Systemic autoimmune diseases often have a range of symptoms, called prodromes, that appear as signs of a sudden and possibly dangerous worsening of the condition. In lupus, for example, headaches, an increase in fatigue, painful, swollen joints, rashes, dizziness and a fever without an infection are well-known signs of an upcoming flare.

Recognizing these warning signs are important, Sloan said, because they allow “earlier detection and therefore treatment of flares, some of which can be organ damaging and even fatal in lupus patients.”

However, unique warning symptoms such as nightmares and daymares are not in the diagnostic criteria for lupus or other diseases, Sloan said. The study found doctors infrequently ask about such experiences, and patients often avoid talking about them to their physicians.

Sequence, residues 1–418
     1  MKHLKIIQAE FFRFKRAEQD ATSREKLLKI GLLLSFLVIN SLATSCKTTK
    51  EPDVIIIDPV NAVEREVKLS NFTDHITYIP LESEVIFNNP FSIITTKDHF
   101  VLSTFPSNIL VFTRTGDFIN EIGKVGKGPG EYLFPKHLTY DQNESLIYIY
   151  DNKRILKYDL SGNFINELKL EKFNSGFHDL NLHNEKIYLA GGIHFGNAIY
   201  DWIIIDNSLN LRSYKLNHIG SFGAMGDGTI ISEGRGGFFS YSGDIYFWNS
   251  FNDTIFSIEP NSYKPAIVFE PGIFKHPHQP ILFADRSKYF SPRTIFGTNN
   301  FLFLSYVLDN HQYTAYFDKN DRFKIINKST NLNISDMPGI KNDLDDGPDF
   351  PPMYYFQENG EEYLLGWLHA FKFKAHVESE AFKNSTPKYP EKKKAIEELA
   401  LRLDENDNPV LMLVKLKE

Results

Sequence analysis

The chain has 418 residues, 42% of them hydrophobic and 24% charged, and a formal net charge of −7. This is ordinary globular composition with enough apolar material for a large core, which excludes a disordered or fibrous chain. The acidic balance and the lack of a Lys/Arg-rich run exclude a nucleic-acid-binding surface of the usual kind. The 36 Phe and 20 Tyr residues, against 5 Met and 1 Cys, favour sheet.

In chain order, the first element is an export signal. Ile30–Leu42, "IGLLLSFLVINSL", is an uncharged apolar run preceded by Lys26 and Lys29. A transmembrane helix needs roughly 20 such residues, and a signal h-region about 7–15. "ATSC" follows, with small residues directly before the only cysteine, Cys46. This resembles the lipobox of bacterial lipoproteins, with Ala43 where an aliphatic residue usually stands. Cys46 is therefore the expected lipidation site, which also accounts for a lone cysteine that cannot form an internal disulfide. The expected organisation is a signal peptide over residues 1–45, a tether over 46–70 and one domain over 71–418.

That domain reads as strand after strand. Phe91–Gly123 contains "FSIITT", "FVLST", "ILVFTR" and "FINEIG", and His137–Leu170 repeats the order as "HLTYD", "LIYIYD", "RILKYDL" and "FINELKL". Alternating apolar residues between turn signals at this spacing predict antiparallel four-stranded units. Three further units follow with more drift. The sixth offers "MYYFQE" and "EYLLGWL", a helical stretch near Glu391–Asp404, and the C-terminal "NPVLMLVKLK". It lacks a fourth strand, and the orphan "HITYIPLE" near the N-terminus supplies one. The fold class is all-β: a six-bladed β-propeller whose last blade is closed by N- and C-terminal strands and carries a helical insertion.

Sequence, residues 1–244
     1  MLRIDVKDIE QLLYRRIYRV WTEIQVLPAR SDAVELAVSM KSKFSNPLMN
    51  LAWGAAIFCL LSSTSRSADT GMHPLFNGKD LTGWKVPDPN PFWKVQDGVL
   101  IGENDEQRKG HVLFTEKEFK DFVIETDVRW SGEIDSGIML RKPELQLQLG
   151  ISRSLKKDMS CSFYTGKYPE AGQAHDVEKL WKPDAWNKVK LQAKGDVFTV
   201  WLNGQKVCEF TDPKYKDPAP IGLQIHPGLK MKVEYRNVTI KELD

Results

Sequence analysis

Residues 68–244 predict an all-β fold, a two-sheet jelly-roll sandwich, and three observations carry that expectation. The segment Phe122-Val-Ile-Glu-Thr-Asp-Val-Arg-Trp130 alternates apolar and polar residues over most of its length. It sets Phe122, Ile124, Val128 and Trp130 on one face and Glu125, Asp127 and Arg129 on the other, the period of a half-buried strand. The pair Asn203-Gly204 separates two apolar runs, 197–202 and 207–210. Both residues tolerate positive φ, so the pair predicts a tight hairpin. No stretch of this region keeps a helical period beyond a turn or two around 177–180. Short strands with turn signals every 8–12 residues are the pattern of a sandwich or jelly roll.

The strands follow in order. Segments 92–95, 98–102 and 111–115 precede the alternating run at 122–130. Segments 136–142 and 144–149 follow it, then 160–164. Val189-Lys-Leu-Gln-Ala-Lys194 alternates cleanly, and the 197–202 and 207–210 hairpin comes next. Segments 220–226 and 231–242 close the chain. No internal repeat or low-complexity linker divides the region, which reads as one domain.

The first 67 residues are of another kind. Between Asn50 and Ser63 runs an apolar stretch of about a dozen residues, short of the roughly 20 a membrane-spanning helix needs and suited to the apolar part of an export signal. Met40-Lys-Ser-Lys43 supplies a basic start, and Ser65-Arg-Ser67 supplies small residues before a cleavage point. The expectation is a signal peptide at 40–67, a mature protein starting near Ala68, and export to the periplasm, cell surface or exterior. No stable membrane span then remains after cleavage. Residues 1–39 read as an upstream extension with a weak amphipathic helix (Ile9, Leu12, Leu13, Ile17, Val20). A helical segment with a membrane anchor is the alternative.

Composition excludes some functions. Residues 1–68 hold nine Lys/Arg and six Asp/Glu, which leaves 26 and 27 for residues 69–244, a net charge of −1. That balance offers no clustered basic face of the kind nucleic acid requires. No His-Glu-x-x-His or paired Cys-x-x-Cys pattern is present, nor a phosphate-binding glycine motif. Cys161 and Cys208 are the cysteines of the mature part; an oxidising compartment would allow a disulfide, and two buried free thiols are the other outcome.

“We are strongly encouraging more doctors to ask about nightmares and other neuropsychiatric symptoms — thought to be unusual, but actually very common in systemic autoimmunity — to help us detect disease flares earlier,” said senior study author David D’Cruz, a consultant rheumatologist at Guy’s Hospital and Kings College London.


Connect the dots to autoimmune disease


On first glance, it would make sense that such neurological manifestations as nightmares would occur if the autoimmune disease impacts the brain, which lupus often does, Sloan said. But that’s not what the study uncovered.

“Interestingly, we found that lupus patients who were classified as having organ involvement other than the brain, such as kidneys or lungs, often also reported a variety of neuropsychiatric symptoms in the lead up to their kidney/lung flare,” Sloan said via email.